Intern: “Ophear.” (?)
Phoebe: “Ohhhhh!”
Jessica: “Wow.”

Phoebe: “Blow my weave back. Blow my weave back. Oh, my. Please…”
Jessica: “Your edges got like straight, um…” Laughter. “So, Ophear, I’m in a relashe [relationship] so I’m gonna tap out of the game, you know what I’m saying?”
Phoebe: “Wait, how old are you?”
Intern: “Twenty-one.”

Jessica: “You look like you could be somewhere between 21 and 46. So…”
Phoebe: “That’s what ethnicity does. You never know.”

Phoebe: “…You’re so like, like, do you sing R&B on the side? It’s a very sweet voice. It’s quite, it’s a whisper. You’re like, girl…”

Phoebe: “Are you a singer, a guitarist, a bassist? Any other ists?”
Jessica: “There’s like so many other instruments?”
Phoebe: “Violinists?
Jessica: “Yeah. Pianist. #IfYou’reReady” (?)
Phoebe: “Penis.
Jessica: “Yeah, also, #penis, excuse me…”

After which, they make clearly sexual reference to the fact that he plays saxophone and that they’re clearly going over the line into sexual harassment (which is laughed off because of how Jessica pronounces the word).

Jessica: “Sorry, WNYX, but also #notsorry. Don’t fucking put a beautiful  man on our show that you haven’t introduced us to.”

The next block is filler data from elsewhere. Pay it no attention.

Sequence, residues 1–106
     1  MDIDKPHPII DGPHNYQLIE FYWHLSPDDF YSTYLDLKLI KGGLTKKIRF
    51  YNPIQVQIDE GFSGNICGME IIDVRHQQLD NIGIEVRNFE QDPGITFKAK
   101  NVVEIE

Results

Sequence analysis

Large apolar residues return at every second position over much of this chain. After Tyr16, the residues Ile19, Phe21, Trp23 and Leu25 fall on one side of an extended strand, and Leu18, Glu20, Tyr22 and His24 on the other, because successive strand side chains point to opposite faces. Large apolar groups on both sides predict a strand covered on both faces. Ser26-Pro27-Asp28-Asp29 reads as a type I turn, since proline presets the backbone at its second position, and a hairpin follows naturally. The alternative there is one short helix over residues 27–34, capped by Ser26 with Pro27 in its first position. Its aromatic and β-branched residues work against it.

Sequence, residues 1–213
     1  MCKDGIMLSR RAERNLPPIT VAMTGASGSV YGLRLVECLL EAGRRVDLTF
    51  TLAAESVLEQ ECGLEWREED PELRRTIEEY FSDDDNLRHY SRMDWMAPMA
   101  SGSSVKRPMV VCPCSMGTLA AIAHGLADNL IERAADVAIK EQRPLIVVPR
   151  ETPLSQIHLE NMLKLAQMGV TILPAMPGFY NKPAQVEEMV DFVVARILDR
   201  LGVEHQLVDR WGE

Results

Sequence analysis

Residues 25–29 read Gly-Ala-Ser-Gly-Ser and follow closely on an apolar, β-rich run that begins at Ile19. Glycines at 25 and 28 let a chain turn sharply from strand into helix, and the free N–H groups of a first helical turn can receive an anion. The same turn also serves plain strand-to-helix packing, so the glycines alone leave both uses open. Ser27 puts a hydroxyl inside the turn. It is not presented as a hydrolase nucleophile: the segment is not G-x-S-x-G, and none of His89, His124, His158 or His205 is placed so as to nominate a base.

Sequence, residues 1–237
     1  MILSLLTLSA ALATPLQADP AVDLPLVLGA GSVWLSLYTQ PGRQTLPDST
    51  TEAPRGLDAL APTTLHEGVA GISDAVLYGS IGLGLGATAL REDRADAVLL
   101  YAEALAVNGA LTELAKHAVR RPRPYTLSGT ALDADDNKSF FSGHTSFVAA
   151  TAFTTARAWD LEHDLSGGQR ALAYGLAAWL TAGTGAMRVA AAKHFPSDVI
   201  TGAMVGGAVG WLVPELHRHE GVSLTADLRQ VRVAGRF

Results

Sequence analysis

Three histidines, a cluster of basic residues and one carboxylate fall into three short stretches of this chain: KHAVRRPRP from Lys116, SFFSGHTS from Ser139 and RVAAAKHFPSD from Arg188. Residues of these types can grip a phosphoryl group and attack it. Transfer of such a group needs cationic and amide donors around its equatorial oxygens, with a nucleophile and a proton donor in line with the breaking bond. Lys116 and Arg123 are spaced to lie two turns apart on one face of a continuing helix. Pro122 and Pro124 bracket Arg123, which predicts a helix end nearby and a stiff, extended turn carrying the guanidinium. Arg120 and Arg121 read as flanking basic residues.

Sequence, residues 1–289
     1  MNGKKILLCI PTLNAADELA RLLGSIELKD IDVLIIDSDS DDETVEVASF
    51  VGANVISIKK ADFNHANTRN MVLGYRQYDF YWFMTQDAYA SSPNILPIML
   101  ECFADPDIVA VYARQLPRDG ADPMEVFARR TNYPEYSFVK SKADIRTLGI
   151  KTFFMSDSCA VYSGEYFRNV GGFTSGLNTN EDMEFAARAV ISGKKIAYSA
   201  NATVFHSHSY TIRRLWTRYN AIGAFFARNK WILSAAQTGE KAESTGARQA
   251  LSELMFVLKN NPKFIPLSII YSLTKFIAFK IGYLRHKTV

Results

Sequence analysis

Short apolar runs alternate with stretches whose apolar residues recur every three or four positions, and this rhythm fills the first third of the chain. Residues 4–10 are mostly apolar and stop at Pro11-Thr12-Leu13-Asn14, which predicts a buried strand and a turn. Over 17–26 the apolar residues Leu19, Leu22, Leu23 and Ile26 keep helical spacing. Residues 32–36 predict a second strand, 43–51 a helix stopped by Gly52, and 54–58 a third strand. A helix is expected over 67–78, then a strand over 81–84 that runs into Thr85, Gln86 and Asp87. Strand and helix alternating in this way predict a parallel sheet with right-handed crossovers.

Jessica: “Ophear. Oh, thank you.” (feigning  orgasm)
Phoebe: “Oh my god.”

Now, clearly, this is a comedy podcast with a raunchy side and I’m sure you could find far worse on older male shows like Howard Stern (far, far worse). I don’t care what they say on stage, or what their comedians say, but this is not a comedian or guest: it’s a young intern (i.e., an employee). So, for the sake of argument, let’s just pretend the genders were reversed and there were 2 Dope Kings (30-something men) bringing a young female intern out on stage:

Dope King 1: “We’ve got this young little piece of something over here.”
Dope King 2: “Yeah.”
Dope King 1: “Who are you? Get over here. Who are you?”
Dope King 2: “Yeah, who are you? Come on. You guys, we don’t know this man.”
Dope King 1: “Okay.”
Dope King 2: “Wow.”
Dope King 1: “Okay, who are you? What’s your name?”
Intern: “Ophera.” (?)
Dope King 1: “Ohhhhh!”
Dope King 2: “Wow.”